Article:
The player’s planet is divided into zones, each consisting of hexes. Each hex can contain one building. In addition to buildings, there may be Sources and Anomalies on the map. The Source is a foundation for a building. For example, a quartz deposit will allow you to build in a given cell only one specific building that will mine stone. The Anomaly is a virtual container that contains effects that will start working after researching it, and / or resources that can be taken away by researching this anomaly.

Buildings can have various levels. Each level has a price that must be paid to upgrade a building to that level, a set of effects that the building gives at that level, and resources that are produced at that level.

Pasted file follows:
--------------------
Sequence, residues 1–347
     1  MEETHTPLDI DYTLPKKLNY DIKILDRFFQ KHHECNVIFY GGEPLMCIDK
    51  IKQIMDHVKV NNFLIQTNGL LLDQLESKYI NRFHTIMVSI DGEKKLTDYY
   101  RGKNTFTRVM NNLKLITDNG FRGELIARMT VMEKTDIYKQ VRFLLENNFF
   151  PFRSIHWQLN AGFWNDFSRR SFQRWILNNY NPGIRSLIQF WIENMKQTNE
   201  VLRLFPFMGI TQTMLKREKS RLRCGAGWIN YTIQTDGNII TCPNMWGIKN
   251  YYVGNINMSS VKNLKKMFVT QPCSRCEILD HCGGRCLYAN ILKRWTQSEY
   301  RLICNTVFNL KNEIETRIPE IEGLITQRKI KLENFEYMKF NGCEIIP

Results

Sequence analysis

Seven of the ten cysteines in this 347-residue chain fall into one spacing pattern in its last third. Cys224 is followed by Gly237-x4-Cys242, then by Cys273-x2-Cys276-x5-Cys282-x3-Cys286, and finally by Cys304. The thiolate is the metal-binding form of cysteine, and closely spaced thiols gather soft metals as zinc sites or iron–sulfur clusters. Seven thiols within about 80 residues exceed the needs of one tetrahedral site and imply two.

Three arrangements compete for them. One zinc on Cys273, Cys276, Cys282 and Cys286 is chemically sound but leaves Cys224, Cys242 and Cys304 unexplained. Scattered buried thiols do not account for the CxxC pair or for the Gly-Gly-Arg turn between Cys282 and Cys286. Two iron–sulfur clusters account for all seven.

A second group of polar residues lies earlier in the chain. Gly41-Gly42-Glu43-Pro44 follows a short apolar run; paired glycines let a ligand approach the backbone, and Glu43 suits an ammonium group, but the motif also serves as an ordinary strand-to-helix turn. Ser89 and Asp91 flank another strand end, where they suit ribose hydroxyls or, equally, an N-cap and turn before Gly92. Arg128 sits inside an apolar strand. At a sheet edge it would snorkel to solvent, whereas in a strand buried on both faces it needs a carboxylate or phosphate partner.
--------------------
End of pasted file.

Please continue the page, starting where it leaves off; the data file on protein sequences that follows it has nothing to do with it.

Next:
One building can have different second levels. This means that when upgrading a building to level 2, the player chooses how to upgrade it.

Fig. 3. A fragment of the Confluence page with a description of building upgrades
Fig. 3. A fragment of the Confluence page with a description of building upgrades

As you can see in the screenshot, the Planet Cracker building (yes, I’m a Dead Space fan!) requires Metal for construction. Once built, it starts producing 1 Stone per turn. The player has the option to upgrade it twice. When upgrading to level 2, the player chooses one of two options: to increase the Stone production by another 1 or immediately by 2. The second option will cost the player more by 100% + 30% (upgrades inflation factor). When the building is upgraded to level 3, this building not only produces Stone, but also receives a special effect of player’s choice: gain 1 additional Metal or Stone per turn with a 50% chance.

Let’s design a data model that would allow us to describe such building upgrade possibilities.